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June 5, 2020

EPA’s Revised Rule for Ethylene Oxide ("EtO") Manufacturers

In a just-released air toxics rule for miscellaneous organic chemical manufacturing (“MON”) sources, the U.S. Environmental Protection Agency (“EPA”) retains its controversial risk value for ethylene oxide (“EtO”). In doing so, EPA elected to not adopt the Texas Commission on Environmental Quality’s (“TCEQ”) less stringent risk value for EtO. The rule still imposes additional air pollution controls designed to reduce annual EtO emissions from these sources, but instead of achieving a 10 ton per year (“tpy”) reduction (based on the proposed controls), the final rule achieves a 0.76 tpy reduction.

On December 17, 2019, EPA proposed revisions to the MON national emission standards for hazardous air pollutants (“NESHAP”) based on its residual risk and technology review (“RTR”) and requested comments on the proposed revisions. EPA proposed to address risk by revising the MON rule to require control of EtO from process vents, storage tanks, and equipment leaks.

Regarding process vents, EPA proposed to either reduce emissions of EtO by (1) venting emissions through a closed-vent system to a control device that reduces ethylene oxide by greater than or equal to 99.9 percent by weight, to a concentration less than 1 part per million by volume (ppmv) for each process vent, or to less than five pounds per year (lb/yr) for all combined process vents; or (2) venting emissions through a closed-vent system to a flare meeting the proposed flare operating requirements.

EPA also requested comment on the use for regulatory purposes of an alternative unit risk estimate (“URE”) for EtO. The URE is an upper-bound estimate of an individual's incremental risk of contracting cancer over a lifetime of exposure to a concentration of 1 microgram of the pollutant per cubic meter of air. EPA’s proposed URE for EtO was based on its 2016 IRIS value, equating to 0.02 micrograms per cubic meter. In a controversial move, EPA sought comment on whether to use its IRIS value even though EPA historically uses UREs from IRIS.

In the final rule, EPA adopted the rule for process vents and weakened those control options through changes to relevant definitions based on comments received on the proposed rule. EPA revised the proposed definition of “in ethylene oxide service” for process vents by removing “undiluted” from the mass-based criteria and removing the phrase “anywhere in the process.” In the final rule, a process vent in ethylene oxide service means each batch and continuous process vent in a process that, when uncontrolled, contains a concentration of greater than or equal to 1 ppmv undiluted ethylene oxide, and when combined, the sum of all these process vents would emit uncontrolled, ethylene oxide emissions greater than or equal to 5 lb/yr [2.27 kilograms per year (kg/yr)]. EPA also revised the definitions of “batch process vent” and “continuous process vent” in the Final Rule to clarify: (1) the existing 50 ppmv hazardous air pollutant (“HAP”) and 200 lb/yr uncontrolled HAP emission cut-offs do not apply to batch process vents in ethylene oxide service; and (2) the existing 0.005 weight percent total organic HAP cut-off in 40 CFR 63.107(d) does not apply to continuous process vents in ethylene oxide service.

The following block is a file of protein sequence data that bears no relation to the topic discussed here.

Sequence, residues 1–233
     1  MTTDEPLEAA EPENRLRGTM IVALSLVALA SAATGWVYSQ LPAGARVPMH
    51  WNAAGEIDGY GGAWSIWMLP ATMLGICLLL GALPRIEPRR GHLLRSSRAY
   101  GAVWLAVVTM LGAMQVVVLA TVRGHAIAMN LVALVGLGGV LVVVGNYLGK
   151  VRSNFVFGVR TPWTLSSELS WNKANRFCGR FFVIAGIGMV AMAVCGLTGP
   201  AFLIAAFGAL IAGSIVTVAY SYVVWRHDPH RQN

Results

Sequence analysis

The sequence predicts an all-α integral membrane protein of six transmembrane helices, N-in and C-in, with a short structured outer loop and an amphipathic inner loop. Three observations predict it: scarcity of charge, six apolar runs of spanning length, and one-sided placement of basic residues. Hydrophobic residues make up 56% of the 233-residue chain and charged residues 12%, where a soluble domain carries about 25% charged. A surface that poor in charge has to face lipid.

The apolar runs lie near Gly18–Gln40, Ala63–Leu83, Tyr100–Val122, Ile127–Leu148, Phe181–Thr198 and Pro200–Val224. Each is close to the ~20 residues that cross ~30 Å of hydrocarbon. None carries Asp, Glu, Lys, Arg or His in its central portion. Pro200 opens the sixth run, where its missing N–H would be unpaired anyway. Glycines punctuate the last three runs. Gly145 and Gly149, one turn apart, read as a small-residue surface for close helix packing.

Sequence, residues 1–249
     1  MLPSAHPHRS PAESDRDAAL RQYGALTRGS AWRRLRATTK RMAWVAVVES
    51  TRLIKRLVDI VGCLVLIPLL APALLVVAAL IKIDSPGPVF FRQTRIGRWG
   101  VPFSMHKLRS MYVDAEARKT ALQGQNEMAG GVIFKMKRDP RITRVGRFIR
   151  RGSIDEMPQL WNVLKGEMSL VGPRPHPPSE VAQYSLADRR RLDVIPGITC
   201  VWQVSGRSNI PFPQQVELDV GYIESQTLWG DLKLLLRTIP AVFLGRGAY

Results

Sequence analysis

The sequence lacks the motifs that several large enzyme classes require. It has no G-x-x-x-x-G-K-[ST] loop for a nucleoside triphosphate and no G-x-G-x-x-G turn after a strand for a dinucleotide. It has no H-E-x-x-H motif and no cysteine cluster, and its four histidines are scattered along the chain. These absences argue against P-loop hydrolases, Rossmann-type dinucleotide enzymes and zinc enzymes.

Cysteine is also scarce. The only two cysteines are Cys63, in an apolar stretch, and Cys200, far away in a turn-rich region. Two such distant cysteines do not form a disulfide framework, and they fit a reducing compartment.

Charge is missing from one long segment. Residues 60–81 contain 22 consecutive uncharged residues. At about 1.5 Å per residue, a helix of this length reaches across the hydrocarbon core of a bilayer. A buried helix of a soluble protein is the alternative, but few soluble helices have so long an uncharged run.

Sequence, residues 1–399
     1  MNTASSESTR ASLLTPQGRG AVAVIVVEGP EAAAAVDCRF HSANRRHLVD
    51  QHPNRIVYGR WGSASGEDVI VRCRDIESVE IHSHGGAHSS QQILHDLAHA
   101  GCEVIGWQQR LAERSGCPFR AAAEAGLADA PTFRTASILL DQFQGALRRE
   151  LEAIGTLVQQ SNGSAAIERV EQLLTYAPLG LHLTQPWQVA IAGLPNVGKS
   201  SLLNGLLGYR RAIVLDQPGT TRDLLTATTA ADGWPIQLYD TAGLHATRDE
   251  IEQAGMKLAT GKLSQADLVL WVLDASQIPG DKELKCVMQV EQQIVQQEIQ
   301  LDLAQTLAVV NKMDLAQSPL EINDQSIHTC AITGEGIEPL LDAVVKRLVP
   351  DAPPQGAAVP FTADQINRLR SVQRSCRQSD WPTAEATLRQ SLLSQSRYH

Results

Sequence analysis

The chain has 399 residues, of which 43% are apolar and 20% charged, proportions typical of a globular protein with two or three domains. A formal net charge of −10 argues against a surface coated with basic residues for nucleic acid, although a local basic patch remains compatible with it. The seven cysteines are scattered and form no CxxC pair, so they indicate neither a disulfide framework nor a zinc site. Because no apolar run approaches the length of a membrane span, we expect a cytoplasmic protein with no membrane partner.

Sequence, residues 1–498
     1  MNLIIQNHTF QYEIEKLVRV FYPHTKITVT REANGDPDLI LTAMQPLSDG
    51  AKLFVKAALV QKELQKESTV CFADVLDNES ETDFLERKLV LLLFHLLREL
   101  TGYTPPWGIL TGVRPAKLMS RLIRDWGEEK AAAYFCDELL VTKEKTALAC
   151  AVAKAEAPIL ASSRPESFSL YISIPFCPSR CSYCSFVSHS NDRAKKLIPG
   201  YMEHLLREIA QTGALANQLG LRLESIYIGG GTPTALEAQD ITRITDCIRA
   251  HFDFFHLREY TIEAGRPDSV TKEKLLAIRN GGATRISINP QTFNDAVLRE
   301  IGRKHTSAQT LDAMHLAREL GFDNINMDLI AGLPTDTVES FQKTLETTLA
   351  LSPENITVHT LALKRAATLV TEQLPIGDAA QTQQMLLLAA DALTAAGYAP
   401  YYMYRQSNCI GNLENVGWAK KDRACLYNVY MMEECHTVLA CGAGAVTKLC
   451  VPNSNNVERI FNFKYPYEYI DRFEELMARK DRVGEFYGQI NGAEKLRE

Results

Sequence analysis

EPA also elected to retain its IRIS-based URE but relaxed the standard that it applies for individual cancer risk. As proposed, EPA allows the cancer risk from EtO facilities to exceed 100-in-1 million, which has been the agency’s upper bound for what is an acceptable risk. EPA notes that it has previously issued rules allowing risks higher than this threshold, and these have been upheld by courts. Based on revised allowable emission estimates, the maximum lifetime individual cancer risk could be as high as 800-in-1 million, with EtO from storage tanks, process vents, and equipment leaks driving the risk. The TCEQ submitted to EPA a draft cancer dose-response assessment for EtO for consideration as an alternative to the EPA URE for EtO. In its Final Rule, EPA acknowledges the TCEQ’s assessment but states “the assessment had not yet undergone peer review, and the TCEQ dose-response value had not yet been finalized by the close of the public comment period for this rulemaking, . . . Therefore, the TCEQ dose-response value could not be considered for this rulemaking.” EPA added that it remains open to new and updated scientific information, as well as new dose response values such as the TCEQ value, as they become available. Perhaps EPA is signaling that it may rely on an alternative approach in a forth coming rulemaking for Commercial Sterilizers, which EPA has announced will be proposed mid-2020.

The compliance dates for the new rule vary by requirement. Judicial review of EPA’s final action is available by filing a petition for review in the U.S. Court of Appeals for the District of Columbia Circuit by sixty days after the date of publication in the Federal Register. For a variety of reasons, the final rule is likely to be challenged, which may complicate compliance obligations and deadlines for the regulated industry if the rule is not stayed pending judicial review.